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Crime & Courts

Charges: Suspect in Anchorage collisions involving 8 vehicles was driving drunk

  • Author: Chris Klint
  • Updated: June 20, 2017
  • Published June 20, 2017

The Glenn Highway was closed inbound Friday, June 9, 2017 by an injury collision near Airport Heights Drive. (Marc Lester / Alaska Dispatch News)

The driver Anchorage police say caused a crash that injured four people on the Glenn Highway near Northway Mall this month had massive amounts of alcohol in his system at the time, according to charging documents.

Court records show Jake Sundog Rotzler-Martus, 31, charged with DUI, reckless driving, failing to give immediate notice of an accident and three counts of assault in the June 9 series of collisions on the Glenn Highway from Muldoon Road to Airport Heights Drive. The wreck closed the busy Airport Heights intersection for about two hours.

A criminal complaint against Rotzler-Martus, written by Officer Alan Rydberg, said police responded just after 10 a.m. to a collision inbound on the Glenn near Muldoon Road. Officers found a semi tractor-trailer that Rotzler-Martus had rear-ended in a maroon 2002 Chevrolet Suburban.

"Investigation revealed that (Rotzler-Martus) had hit-and-run the semi and then continued driving inbound with a flattened (right front) tire," Rydberg wrote. "The hood was damaged in a manner that it impeded the driver's view, so he stuck his head out of the driver's-side window and continued to accelerate until he crashed into seven other vehicles that had been stopped at the red light to Airport Heights."

Three people from the struck vehicles at Airport Heights were taken to hospitals with injuries ranging from a broken bone to a concussion and cuts to a hand. Medics also hospitalized Rotzler-Martus after he was extricated from the Suburban.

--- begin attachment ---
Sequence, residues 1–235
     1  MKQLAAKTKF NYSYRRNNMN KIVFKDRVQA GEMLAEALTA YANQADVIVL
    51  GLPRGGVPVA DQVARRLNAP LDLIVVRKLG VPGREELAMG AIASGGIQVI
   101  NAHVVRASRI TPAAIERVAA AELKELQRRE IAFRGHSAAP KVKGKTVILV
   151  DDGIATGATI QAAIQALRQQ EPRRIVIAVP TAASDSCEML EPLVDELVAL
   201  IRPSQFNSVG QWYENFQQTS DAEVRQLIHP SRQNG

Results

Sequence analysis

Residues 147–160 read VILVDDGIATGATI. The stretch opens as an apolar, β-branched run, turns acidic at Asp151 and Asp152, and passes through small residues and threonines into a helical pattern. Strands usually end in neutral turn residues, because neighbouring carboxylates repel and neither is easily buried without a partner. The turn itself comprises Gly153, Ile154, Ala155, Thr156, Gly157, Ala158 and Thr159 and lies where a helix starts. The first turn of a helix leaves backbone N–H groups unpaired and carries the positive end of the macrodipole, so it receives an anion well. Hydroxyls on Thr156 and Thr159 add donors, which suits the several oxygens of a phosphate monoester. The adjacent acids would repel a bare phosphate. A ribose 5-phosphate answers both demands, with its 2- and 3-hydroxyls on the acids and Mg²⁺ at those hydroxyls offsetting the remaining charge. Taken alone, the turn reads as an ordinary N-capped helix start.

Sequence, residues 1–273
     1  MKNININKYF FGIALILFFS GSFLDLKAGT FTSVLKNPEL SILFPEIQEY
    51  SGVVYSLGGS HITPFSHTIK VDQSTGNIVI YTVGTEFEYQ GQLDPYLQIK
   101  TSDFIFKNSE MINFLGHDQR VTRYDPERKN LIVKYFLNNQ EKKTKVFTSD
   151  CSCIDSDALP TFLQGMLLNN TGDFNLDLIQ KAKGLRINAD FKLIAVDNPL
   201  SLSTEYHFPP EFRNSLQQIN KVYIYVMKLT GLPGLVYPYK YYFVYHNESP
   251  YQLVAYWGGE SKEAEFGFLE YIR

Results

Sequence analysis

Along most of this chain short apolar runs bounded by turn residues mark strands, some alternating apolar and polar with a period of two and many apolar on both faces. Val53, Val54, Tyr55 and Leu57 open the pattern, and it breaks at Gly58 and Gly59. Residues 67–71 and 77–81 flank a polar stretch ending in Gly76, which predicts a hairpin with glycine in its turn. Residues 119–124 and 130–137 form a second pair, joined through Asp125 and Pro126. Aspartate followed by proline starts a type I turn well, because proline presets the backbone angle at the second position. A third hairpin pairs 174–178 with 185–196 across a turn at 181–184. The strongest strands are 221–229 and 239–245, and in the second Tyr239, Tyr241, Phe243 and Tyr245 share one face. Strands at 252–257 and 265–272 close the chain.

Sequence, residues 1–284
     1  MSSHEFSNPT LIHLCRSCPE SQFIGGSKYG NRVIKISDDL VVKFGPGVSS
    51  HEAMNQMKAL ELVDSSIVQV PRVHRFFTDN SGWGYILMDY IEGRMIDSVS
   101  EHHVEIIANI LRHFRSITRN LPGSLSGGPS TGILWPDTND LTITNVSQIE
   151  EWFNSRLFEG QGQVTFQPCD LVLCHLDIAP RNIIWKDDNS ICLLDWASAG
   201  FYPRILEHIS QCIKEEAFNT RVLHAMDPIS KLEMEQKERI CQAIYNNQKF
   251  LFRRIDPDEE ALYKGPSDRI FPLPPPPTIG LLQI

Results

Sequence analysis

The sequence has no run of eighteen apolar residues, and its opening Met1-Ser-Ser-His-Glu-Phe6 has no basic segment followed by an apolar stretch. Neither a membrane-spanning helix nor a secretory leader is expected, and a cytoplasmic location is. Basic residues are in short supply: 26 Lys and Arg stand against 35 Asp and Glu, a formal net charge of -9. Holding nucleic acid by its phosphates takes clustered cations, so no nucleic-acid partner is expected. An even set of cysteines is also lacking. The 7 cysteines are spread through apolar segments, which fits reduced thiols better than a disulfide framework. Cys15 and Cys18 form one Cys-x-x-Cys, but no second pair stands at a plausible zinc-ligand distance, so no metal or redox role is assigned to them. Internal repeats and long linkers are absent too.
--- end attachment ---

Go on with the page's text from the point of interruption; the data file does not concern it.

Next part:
"During contact at the hospital, officers smelled the odor of an alcoholic beverage coming from Rotzler-Martus' breath, as he spoke with them," Rydberg wrote. "His speech was extremely slurred."

Rotzler-Martus' medical records indicated his blood-alcohol content less than half an hour after the crash was at .385, Rydberg wrote, more than four times Alaska's legal limit for driving of .08. Cannabinoids from marijuana were also found in his system.

An overview of drinking effects from the National Institutes of Health labels blood-alcohol content levels at .31 or higher as generating "life-threatening" levels of impairment, noting that symptoms include loss of consciousness.

Officers conducting a search on the Suburban found a partially empty 1.75-liter bottle of whiskey, according to Rydberg. They also discovered bottles of an antidepressant and prescription-strength acetaminophen painkillers prescribed to another person.

An arrest warrant for Rotzler-Martus was issued Thursday and served Saturday, court records showed. He remained in custody Tuesday morning at the Anchorage Correctional Complex, according to a statewide inmate database.

A judge appointed a public defender to represent Rotzler-Martus during a Saturday arraignment listed in court records. His bail was set at a total of $20,000, with a court-approved third-party custodian required for his release.

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